My office came together right on time. I have a speaking engagement on Sunday, October, 28 at Mt. Zion United Methodist Church, in Mechanicsville, MD. In addition to this I will be hosting a stewardship seminar at the same church on the third Saturday in November. I will update this information soon.

I posted a comment a while back on my facebook page prior to my move, it went something like this:

"What is a dream home? One you can afford to heat and cool after you pay the mortgage." I got a few comments on that one! You see as we get older perspectives change. I once had a check list of everything I wanted in my "dream" home. After owning a few homes now, I realize that a house is a house. We eat there and sleep there. Would I rather pay a $3,000.00 or a $1,300.00 mortgage? Hmm.

My perspective now is being "debt free" which includes no mortgage. I want to hold that deed in my hand. Most of us speak of home ownership when we really have home "borrowship". We don't truly own our home until the mortgage is paid in full, for now the bank is loaning us the home as long as we pay back the loan. This is home "borrowship" and if you miss a few payments, the bank will show you who owns the home as they foreclose.

So then, what is your dream home? Care to share?


*Remember. "True empowerment comes through stewardship!"

Tuesday, September 11, 2012

The move (upgrading by downsizing)!

Wow! It seems forever since I posted a blog. So glad to be back! For the past month, we have been, cleaning , packing and moving. Yes, we have moved. Months prior I had planned to blog about "downsizing", the next thing you know, I was downsizing.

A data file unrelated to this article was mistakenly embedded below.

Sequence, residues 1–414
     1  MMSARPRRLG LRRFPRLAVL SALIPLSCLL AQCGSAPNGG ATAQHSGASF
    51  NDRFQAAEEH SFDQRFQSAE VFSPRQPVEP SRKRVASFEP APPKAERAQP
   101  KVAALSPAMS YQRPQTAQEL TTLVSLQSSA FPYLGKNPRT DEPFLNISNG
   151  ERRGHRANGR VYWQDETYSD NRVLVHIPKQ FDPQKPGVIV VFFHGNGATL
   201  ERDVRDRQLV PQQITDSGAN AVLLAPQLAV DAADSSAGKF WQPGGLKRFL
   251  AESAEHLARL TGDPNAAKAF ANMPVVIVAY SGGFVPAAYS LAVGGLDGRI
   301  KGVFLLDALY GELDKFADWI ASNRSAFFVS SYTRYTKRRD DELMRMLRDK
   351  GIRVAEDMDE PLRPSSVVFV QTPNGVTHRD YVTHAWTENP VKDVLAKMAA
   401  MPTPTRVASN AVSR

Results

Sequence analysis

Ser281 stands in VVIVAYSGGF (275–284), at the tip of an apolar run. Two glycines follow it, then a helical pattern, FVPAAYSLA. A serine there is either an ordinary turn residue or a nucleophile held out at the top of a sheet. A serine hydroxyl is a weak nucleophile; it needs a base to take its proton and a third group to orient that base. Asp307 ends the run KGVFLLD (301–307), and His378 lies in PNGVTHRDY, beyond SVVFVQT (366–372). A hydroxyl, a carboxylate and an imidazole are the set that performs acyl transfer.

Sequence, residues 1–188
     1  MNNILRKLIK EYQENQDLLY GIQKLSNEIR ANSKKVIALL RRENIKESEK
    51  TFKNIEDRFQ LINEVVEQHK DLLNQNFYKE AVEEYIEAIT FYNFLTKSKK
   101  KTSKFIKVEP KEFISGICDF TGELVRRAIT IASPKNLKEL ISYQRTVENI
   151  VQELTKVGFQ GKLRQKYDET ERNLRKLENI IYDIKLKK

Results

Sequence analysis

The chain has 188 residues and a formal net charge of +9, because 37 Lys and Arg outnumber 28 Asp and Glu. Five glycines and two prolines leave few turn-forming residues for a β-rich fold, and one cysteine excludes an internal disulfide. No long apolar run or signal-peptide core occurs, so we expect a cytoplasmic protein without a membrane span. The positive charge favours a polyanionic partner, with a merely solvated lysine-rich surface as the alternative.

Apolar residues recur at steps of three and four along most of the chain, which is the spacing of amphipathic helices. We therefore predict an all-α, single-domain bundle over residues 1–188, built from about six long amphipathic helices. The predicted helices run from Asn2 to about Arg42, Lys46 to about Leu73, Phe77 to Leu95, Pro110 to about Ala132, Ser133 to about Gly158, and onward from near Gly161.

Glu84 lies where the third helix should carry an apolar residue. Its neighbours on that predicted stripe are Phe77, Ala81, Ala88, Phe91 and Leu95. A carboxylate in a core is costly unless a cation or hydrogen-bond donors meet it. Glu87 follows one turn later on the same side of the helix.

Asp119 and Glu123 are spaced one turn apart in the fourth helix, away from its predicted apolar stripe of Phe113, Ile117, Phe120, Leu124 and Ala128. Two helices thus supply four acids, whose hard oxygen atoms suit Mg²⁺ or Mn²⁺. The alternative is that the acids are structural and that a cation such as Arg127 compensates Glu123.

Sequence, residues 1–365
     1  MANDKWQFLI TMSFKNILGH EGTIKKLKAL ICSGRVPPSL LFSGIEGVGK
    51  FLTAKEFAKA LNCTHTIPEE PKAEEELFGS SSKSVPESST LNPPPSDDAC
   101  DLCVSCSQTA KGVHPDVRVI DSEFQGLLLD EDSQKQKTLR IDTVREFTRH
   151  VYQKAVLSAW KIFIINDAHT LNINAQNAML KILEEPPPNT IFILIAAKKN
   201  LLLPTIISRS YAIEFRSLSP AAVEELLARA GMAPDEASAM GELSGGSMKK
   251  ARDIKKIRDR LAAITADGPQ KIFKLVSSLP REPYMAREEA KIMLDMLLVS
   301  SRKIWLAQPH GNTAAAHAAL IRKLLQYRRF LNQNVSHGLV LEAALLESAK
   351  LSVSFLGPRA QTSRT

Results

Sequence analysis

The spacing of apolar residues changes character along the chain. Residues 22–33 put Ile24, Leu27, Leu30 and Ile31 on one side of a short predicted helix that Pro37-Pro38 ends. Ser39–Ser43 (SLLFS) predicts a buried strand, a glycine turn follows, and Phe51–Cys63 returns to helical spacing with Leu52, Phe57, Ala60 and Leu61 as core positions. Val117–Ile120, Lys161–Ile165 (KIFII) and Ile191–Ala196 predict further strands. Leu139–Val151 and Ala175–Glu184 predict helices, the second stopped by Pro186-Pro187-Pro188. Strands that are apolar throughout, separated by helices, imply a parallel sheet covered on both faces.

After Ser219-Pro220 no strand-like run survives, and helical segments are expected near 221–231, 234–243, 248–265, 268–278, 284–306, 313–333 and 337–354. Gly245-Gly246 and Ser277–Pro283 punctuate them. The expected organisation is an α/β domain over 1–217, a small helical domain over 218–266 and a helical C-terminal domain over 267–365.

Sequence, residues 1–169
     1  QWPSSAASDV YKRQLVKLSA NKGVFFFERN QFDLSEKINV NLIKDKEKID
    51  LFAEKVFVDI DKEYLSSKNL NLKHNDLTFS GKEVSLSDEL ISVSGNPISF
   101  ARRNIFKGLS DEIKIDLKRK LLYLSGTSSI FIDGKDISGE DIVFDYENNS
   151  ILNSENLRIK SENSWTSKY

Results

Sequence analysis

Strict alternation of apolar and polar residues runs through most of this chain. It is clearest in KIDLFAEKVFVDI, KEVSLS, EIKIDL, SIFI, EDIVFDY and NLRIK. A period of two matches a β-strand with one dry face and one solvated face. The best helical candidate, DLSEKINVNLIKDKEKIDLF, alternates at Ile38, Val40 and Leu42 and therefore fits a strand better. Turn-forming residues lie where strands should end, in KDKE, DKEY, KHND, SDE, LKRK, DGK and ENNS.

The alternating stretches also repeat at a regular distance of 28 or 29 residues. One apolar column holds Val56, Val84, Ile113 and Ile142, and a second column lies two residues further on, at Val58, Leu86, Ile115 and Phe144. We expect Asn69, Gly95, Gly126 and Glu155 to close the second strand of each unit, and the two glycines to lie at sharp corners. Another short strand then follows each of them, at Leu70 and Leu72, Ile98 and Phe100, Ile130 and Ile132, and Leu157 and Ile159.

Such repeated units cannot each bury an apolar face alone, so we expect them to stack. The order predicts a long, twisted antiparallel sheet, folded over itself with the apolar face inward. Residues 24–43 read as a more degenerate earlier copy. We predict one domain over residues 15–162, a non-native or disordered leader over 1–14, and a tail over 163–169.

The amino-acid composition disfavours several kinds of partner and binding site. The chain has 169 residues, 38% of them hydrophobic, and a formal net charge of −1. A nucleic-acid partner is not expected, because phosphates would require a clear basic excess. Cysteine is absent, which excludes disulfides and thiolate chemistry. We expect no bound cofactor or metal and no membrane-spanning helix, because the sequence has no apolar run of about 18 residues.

You see, sometimes in order to improve your quality of life you have to examine what changes need to occur. We have two houses, one was our primary residence and the other was a rental property. The home we lived in is larger than our rental and with this came a bigger mortgage. We had actually talked about moving last year, but it never happened. The next thing you know the lease was up and our renter was out. So what did we do?

We decided to downsize and move into the smaller home and by doing this we shaved over $500 off of our mortgage. We will then take this money and apply it towards other bills in order to be "debt free" in the next two years or so. It has not been an easy decision but a necessary one. We had to sacrifice space, distance from work as well as our established church and all the creature comforts we were use to. Moreover, we had to move from friends and neighbors that we grew to love.

What is the lesson here? Sometimes we have to do the "hard" things in life in order to reach our goals of financial freedom. At times "downsizing" can mean "upgrading" your life.

I have met many people who try so desperately to maintain a lifestyle that is clearly out of their current reach. It's like driving a Bentley on a "ford focus" budget. Sometimes, you just have to let "things" go and let peace take it's place. Sometimes peace may mean a smaller house, a smaller car, less clothes, or no morning mochas, etc. Who are we trying to impress anyway at the expense of our peace or good health? To "upgrade" your life may mean "downsizing" your debt.

We are still in the process of moving and cleaning and I am believing that when it's all said and done, we will see the fruit of this move and it will lead to a place that we never imagined, being "debt free" which will include "no mortgage"! Now that's an upgrade...